Federal law states that all high school juniors must take the PSAE. Across the state of Illinios, for the most part, a junior is a student who has earned 11 credits. School districts cling tightly to that determination, so even if a student has attended high school for 3 or more years, he most likely won’t take the tests unless he has earned 11 credits. Warren’s school board tweaked the 11 credits requirement to include 2 full years of English, Science, and Math. They can’t do that.
The article points out some interesting statistics as far as who was excluded: a quarter of the black students at the junior level, and about a third of Hispanics, low-income, and special education students. Guess who traditionally scores the lowest nationally on standardized tests? Minorities, students from low-income families, and, of course, students with learning disabilities. What would Warren’s scores look like if they hadn’t cheated? It’s hard to say exactly, but the recalculated scores show that Warren failed.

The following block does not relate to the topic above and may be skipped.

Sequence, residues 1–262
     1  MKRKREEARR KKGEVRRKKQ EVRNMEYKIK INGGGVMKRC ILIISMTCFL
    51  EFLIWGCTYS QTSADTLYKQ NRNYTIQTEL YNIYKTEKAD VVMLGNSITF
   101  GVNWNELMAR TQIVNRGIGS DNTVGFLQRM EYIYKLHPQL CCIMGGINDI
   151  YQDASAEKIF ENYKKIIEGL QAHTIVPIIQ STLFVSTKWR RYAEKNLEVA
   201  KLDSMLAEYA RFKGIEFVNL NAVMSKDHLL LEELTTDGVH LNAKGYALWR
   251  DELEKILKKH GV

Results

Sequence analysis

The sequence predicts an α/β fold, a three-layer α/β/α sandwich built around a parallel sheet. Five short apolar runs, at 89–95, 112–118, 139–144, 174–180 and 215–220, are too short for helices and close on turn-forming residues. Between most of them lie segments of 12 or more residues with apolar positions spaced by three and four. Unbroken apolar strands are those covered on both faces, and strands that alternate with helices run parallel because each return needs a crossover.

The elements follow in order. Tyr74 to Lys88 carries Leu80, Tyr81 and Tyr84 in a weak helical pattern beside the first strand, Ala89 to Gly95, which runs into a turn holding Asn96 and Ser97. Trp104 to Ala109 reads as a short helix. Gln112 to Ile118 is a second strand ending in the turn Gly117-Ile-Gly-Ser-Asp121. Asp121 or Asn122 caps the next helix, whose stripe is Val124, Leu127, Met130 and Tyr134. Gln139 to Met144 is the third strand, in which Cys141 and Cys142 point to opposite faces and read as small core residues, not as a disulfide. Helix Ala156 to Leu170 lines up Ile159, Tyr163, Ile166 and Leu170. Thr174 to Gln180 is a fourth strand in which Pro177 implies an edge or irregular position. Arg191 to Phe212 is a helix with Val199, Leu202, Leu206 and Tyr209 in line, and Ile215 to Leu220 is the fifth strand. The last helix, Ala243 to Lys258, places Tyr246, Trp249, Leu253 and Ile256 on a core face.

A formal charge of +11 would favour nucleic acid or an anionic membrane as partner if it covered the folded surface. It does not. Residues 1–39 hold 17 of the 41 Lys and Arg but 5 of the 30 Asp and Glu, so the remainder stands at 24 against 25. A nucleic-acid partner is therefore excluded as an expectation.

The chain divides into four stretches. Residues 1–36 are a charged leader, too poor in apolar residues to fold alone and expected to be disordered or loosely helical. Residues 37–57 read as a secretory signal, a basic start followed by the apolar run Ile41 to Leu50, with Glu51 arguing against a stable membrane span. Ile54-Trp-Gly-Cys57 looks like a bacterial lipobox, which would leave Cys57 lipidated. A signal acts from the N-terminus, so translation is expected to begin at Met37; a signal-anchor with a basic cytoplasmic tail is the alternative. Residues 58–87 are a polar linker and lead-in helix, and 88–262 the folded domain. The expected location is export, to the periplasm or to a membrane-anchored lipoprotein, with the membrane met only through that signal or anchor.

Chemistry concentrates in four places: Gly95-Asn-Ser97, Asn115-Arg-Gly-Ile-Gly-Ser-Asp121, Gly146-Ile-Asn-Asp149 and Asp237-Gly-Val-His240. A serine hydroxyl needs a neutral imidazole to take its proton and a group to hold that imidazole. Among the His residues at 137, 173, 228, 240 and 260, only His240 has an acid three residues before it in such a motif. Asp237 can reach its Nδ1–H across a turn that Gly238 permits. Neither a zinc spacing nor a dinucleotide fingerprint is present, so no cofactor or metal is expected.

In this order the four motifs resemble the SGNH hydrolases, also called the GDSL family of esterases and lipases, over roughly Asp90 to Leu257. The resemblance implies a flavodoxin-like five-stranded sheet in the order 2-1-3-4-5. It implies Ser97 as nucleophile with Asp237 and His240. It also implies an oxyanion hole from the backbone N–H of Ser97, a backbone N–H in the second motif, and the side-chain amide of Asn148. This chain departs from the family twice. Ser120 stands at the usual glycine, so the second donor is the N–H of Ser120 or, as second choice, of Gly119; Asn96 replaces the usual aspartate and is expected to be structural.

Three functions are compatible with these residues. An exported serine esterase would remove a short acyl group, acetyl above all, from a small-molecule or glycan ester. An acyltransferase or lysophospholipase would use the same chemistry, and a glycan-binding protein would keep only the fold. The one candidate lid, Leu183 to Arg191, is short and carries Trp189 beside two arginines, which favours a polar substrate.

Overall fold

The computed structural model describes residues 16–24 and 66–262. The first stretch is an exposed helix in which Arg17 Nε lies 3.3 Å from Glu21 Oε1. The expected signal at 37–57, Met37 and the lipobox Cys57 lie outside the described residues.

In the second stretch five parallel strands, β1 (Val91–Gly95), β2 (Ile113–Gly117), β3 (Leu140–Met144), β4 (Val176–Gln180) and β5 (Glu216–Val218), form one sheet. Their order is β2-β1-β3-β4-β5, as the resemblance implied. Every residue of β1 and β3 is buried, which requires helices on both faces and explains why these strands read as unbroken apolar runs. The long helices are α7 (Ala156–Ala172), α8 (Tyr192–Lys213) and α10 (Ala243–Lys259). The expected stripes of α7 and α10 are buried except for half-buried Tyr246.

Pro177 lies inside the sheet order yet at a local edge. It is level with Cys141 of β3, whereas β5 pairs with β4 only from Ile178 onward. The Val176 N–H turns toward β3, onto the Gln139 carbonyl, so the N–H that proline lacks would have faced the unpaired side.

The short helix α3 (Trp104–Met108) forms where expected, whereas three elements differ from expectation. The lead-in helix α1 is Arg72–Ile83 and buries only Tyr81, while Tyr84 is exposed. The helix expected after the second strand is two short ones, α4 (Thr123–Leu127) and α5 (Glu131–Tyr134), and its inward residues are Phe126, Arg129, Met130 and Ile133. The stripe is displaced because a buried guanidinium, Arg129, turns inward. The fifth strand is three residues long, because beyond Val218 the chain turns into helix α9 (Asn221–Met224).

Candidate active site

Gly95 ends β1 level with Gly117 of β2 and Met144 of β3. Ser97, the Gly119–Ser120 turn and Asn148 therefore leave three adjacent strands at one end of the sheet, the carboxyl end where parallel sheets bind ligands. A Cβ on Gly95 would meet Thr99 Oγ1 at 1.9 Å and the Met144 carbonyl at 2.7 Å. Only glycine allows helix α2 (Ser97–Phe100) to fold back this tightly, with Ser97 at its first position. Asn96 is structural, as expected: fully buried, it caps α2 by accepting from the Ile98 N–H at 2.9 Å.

So who cares? Lots of people, especially residents in neighboring districts who have lower (and even declining) property values. Property value is determined by the standardized test scores of the local school districts, so I’d say those people have good cause to care about who is cheating. Three of Warren’s surrounding districts not only have lower property value, but have significant numbers of minorities and low-income families.
It’s hard for me to say, however, that the people in Gurnee care. They seem oblivious to what is happening in the local schools, so long as the test scores keep climbing. That implies tacit consent for achievement at all costs, even if that means cheating. The cheating issue is but one serious problem my local district has had recently. A short list includes a gun in school earlier this year, a teacher-student sex scandal a few years ago, and an issue with a principal that used district funds to pay for personal items such as ties and phone sex.